On my first visit to Paris I tried to visit the Catacombs twice. The first time, I made the unfortunate discovery post metro ride that they are closed Mondays. The second I waited in line for 45 minutes, only to get two people away from the front of the line and be told at 3:59 that the ticket counter closes at 4 and no more visitors would be allowed in for the day.
On my latest visit to the city I put the Catacombs at the top of my itinerary. I flew into Aeroport Beauvais, an airport that is actually an hour and 15 minutes from the city center. Though my flight landed at 12:20, mass confusion at the airport followed by bus delays and traffic put me at the edge of the city center at 3:15. Determined not to miss out on the Catacombs this time I ran up flights of stairs in the metro and down city streets to arrive at the gates at 3:50 and find that no one was in line, a benefit of visiting in the beginning of December versus August, fewer tourists! Third time is the charm and I’m glad I did. The Catacombs were a spooky treat and I discovered a myriad of surprises in the Catacombs of Paris.
Spooky Surprises in the Catacombs of Paris
The Largest Ossuary in the World
The Catacombs are an underground ossuary, or resting place for human bones. The skeletal remains of six million people lay below the streets of the 14th Arrondissement of Paris.
As disease ran rampant in the late eighteenth to mid-nineteenth centuries, above ground cemeteries were closed because of their impending health risks. Human remains were moved below ground. With existing passageways and empty space, the former stone quarries used to build the capital city proved the perfect place to relocate bones.
The Catacombs received its first and largest amount of remains from the closure of the cimetière des Innocents graveyard in 1786. The last transfer of bones occurred in 1859.
Our generation isn’t the only morbid one
I suppose, if you really think about it, it’s rather morbid that people today, myself included, would pay to wander through a dark maze of human bones. Well, we didn’t start the fire.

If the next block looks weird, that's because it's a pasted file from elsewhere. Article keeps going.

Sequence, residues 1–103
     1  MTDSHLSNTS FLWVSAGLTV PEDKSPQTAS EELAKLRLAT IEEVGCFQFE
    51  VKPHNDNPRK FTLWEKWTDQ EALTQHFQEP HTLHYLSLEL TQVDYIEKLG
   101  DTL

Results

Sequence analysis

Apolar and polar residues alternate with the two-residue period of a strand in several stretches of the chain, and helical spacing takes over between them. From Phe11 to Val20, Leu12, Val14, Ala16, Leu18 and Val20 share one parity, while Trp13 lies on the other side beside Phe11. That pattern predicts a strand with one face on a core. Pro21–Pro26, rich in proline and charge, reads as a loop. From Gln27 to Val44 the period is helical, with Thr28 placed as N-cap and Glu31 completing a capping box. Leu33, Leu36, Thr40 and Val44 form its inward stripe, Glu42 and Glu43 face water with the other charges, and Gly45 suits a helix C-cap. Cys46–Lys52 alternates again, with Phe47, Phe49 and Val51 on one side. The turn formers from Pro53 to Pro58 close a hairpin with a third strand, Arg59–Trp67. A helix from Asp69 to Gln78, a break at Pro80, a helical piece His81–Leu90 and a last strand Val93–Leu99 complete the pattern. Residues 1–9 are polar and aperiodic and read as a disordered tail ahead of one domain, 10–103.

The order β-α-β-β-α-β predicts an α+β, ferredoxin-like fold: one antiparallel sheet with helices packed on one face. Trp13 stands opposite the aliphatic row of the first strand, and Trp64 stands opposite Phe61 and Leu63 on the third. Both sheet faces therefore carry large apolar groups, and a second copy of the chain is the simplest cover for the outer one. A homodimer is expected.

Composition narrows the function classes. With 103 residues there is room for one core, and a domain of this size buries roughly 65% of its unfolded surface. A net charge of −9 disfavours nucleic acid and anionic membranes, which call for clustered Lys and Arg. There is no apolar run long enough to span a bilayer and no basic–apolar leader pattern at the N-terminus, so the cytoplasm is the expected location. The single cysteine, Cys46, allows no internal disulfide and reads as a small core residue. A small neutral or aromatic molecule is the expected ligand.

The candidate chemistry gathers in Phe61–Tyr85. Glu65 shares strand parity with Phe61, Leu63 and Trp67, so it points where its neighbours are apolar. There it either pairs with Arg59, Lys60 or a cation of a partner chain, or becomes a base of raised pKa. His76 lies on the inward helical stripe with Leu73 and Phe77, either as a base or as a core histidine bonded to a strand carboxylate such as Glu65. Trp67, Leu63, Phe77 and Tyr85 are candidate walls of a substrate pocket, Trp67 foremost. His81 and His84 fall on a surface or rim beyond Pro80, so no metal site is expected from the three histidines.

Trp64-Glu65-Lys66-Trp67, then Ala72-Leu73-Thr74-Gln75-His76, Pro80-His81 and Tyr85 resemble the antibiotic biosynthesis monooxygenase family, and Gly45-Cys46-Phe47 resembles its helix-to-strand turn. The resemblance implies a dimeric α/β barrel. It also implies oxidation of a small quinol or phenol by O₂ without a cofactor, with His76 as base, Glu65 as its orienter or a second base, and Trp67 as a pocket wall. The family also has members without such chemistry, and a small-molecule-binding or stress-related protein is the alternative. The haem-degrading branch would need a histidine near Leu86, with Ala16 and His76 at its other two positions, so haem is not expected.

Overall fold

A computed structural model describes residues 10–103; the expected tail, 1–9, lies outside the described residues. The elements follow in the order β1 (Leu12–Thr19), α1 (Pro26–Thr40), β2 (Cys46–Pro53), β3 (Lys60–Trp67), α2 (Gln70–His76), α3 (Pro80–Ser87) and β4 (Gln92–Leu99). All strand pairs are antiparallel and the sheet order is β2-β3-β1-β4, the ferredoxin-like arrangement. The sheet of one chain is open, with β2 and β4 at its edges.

The first visitor, the Count of Artois, paid a visit in 1787, and sporadic public visits began after a renovation in 1815. Public visitors have been allowed regular visits since 1867, and the Catacombs were one of the most popular tourist attractions during the 1900 World’s Fair.
It’s spooky down there
As I explored the Catacombs solo on a late December afternoon, my fortune of being the only visitor in line revealed a spookier side as I wandered through dark, winding passageways lined with bones. It’s quite creepy down there, and, though there were a handful of other tourists exploring with me, at times I was alone next to the skeletons.
The ground is lined with gravel that creeks as you walk, echoing in an eerie manner that makes it seem as if you are being followed. There are dripping pipes and the only sign of modernity are the lights, so dim they could be torchlight if you use your imagination. Around one twisted bend a man knelt low to the ground photographing a skull. I didn’t see him at first and when he adjusted his stance the gravel rolled and I let out a scream.
It takes a while to get to the actual bones, though. First you walk through empty passageways before arriving at a series of exhibits on the geological history of Paris and the stone quarries that formerly housed the space. (Boring! Can we just get to the bones, please?).
There are also several castles carved into the stones along the walk.
Wander through more empty passageways that make you feel as if you are on the set of Les Miserables, an extra in some deleted scene that didn’t make it into the final film. Then all of a sudden, there they are: rows, and rows and rows of bones and monuments that pay homage to the deceased.
It takes about 45 minutes to walk through the Catacombs in total, and flash photography is not permitted.
It’s spooky. It’s creepy. It’s amazing. Definitely visit the Catacombs during a trip to Paris.